• The public funding system for student support is perceived as fair, transparent, and accessible by learners, providers, and employers. (Supportive and Equitable)
  • Learners have access to holistic, person-centred support, empowering them to access, sustain and complete their learning. (Supportive and Equitable)
  • The system supports a culture of lifelong learning with a 'no wrong door' approach, where learners have equity of access and opportunity to fulfil their interests and potential. (in High quality)
  • Learners, no matter their background or prior attainment, can develop skills to enter and progress in good quality employment and/or realise their potential. (in Agile and responsive)

Furthermore, many of the 37 short-term outcomes (1-3 years),[118] 32 medium-term outcomes (4-7 years)[119] and 14 long-term outcomes (8+ years)[120] pertain to fair access. For example:

  • Providers, policymakers, and delivery partners can access data to allow efficient, timely and equitable reporting on outcomes across the post-school system. (medium-term outcome in Transparent, resilient and trusted).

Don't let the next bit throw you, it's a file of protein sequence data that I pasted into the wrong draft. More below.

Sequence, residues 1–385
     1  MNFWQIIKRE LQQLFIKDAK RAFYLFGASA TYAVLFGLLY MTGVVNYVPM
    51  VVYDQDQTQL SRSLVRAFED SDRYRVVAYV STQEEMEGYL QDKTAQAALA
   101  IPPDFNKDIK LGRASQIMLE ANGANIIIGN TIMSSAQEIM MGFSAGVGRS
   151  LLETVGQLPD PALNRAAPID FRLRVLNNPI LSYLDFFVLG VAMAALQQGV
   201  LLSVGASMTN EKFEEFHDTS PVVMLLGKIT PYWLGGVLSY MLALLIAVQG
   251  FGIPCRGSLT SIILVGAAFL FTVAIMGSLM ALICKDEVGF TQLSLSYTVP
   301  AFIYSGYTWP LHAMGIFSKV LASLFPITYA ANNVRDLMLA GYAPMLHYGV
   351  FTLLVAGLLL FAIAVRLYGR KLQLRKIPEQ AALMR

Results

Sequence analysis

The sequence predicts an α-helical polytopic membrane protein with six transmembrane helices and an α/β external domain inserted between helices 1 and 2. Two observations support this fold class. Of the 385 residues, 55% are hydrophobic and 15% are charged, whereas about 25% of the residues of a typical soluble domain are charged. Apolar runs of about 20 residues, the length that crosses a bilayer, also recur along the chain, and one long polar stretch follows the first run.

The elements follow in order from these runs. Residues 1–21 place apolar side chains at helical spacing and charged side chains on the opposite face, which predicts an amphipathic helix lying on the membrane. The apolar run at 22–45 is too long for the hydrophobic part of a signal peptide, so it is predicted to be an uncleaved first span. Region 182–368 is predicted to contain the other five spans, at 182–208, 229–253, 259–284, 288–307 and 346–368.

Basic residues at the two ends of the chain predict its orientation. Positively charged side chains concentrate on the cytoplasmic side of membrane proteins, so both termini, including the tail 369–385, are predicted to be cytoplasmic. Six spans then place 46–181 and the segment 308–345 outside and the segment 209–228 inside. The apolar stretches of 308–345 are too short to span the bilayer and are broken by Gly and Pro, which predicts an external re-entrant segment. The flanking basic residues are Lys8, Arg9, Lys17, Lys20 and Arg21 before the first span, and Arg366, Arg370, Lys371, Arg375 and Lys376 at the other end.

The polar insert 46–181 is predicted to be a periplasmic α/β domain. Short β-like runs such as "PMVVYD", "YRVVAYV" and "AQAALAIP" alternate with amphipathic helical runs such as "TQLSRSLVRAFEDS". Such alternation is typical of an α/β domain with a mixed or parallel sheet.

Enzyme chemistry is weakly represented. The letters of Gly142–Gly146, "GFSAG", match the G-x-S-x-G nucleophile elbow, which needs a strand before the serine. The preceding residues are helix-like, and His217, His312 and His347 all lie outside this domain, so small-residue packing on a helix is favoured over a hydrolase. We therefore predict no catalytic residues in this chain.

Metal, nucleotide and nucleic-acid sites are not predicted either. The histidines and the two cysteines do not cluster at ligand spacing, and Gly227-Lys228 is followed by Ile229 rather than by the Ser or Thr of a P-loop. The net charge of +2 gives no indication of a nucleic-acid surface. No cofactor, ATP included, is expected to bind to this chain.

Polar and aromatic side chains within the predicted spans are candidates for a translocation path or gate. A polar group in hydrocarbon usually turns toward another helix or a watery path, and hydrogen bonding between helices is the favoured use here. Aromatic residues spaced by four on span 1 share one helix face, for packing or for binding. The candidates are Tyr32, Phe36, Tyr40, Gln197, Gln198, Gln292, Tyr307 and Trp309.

• Provider approaches and national targets to widen access and encourage retention are aligned with each other and fit for purpose (short-term outcome in Supportive and equitable).
  • The system supports a culture of lifelong learning with a 'no wrong door' approach, where learners have equity of access and opportunity to fulfil their interests and potential (long-term outcome in High quality)
  • Learners understand the skills they need to access post-graduation opportunities, including further study, work, and entrepreneurship (short-term outcome in Globally respected).
  • Learners, no matter their background or prior attainment, can develop skills to enter and progress in good quality employment and/or realise their potential (long-term outcome in Agile and responsive).

However, there will be a need to monitor how these principles are realised in practice:[121]

For colleges, universities and providers this means greater flexibility in how institutions use the investment that is available and autonomy to set ambitious, stretch targets for delivery, rooted in individual purpose, mission, and context, but with greater accountability for their contribution to Scotland's economy and society at home and abroad".

There is a need to ensure that this admirable aspiration to strengthen institutional autonomy does not undermine current commitments to enhance fair access in each Scottish HEI.

Fit for the Future: developing a post-school learning system to fuel economic transformation/ Skills Delivery Landscape Review - The Withers Review